Social Work Interventions for Addressing Social Determinants of Health
We introduce three studies focused on SDOH related to different health outcomes disparately affecting African Americans: cancer, obesity, and kidney disease. The first study focuses on the influence of discrimination on biology laying the groundwork for aggressive breast cancer. This study employs a transdisciplinary approach that combines multi-level data to highlight the social production of breast cancer. A neighborhood support intervention model is presented to mitigate the relationship between discrimination and health outcomes among African American women. The second study employs a community-based participatory research approach to address the relationship between local food environments and obesity trends. This study highlights the feasibility of implementing a farmers’ market at a federally qualified health center in a rural, majority African American county. Data provide support for policy initiatives focused on improving local food environments as well as initiatives that target low-income, food insecure populations receiving federal food subsidies such as Supplemental Nutrition Assistance Program (SNAP) vouchers. The third study focuses on the influence of social networks on kidney transplantation among African Americans. Findings reveal the benefit of having people in one’s personal and health-related (i.e., kidney dialysis team) social network who are aware of and provide information about kidney transplantation. Discussion will focus on interventions that maximize the delivery of kidney transplantation information through formal and informal channels within one’s social network to increase access to kidney transplant services and reduce transplantation disparities. The studies combine to highlight the unique role social work researchers and practitioners can play in efforts to promote health equity by addressing SDOH.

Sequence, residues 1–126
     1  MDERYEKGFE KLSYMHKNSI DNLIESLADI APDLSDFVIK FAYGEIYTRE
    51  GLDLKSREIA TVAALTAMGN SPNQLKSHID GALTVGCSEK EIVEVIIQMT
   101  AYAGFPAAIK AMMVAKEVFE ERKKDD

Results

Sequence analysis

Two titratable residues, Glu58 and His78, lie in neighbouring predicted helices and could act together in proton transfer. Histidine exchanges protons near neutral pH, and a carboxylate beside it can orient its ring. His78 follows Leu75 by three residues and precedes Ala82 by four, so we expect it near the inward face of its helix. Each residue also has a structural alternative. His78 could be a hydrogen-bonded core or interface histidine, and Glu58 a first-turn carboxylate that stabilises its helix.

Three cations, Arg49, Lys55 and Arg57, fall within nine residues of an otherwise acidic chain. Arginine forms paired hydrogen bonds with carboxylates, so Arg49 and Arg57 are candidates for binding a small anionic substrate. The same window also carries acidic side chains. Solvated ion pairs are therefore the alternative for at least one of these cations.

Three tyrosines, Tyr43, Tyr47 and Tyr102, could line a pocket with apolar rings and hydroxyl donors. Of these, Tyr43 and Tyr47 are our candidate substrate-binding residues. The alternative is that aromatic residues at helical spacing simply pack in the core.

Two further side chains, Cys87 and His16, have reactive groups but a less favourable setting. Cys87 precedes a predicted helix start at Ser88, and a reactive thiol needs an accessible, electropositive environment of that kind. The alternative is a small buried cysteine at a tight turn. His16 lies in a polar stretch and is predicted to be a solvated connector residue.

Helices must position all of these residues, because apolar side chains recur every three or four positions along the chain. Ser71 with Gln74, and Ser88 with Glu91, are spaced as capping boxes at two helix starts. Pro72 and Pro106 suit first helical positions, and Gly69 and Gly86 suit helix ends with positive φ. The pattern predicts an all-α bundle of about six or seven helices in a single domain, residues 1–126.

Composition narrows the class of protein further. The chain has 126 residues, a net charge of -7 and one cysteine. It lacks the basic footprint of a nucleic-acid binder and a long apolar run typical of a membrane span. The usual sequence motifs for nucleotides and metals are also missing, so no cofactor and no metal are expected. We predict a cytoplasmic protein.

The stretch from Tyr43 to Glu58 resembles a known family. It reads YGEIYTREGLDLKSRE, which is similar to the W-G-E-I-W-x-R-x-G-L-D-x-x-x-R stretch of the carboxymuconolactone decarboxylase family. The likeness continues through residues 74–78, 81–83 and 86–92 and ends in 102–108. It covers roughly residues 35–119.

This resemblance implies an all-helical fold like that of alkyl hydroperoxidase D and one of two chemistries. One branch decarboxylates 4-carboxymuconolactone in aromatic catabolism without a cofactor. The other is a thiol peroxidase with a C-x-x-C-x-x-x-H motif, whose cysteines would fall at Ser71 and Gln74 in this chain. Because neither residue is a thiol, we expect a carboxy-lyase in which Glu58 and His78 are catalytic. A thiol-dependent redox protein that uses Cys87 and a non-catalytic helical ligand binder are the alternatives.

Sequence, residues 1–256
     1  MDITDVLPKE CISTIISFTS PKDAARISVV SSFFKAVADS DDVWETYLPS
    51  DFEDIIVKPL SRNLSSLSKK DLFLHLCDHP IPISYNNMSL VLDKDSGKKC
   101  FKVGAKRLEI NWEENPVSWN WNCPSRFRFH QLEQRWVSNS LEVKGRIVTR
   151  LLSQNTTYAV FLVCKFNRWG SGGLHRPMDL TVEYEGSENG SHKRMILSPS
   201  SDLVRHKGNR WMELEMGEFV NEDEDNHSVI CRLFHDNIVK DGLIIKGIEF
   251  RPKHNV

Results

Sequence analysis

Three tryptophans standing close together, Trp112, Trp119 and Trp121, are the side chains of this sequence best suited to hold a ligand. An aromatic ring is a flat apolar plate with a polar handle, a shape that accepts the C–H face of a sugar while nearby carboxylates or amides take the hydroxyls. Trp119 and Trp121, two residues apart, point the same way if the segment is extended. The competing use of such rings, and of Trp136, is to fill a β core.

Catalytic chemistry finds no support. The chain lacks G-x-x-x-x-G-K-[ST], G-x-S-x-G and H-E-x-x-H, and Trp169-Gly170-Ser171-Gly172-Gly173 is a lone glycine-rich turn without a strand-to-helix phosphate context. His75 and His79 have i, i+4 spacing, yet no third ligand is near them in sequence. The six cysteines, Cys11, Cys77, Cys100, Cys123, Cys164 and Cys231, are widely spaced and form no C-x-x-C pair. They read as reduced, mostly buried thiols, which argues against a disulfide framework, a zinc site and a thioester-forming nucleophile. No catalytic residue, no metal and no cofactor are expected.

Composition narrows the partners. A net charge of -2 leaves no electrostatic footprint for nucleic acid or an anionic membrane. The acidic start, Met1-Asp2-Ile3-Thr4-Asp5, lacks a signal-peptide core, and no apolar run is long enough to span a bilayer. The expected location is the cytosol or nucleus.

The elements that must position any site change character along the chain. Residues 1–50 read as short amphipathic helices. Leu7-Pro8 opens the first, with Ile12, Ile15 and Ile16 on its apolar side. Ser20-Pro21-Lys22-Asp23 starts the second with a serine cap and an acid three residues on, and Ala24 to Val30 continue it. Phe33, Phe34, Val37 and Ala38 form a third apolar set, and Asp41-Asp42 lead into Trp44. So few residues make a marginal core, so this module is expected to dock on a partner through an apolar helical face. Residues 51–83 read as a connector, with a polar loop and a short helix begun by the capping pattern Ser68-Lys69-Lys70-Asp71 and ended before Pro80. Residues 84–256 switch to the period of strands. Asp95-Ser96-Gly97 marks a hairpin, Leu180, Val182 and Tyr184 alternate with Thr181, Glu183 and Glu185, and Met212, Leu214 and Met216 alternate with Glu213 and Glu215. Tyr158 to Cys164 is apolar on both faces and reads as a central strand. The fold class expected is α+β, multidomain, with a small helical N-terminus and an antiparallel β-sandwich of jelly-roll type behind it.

Warnecke, R. B., et al. (2008). Approaching health disparities from a population perspective: the National Institutes of Health Centers for Population Health and Health Disparities. American Journal of Public Health, 98(9), 1608-1615.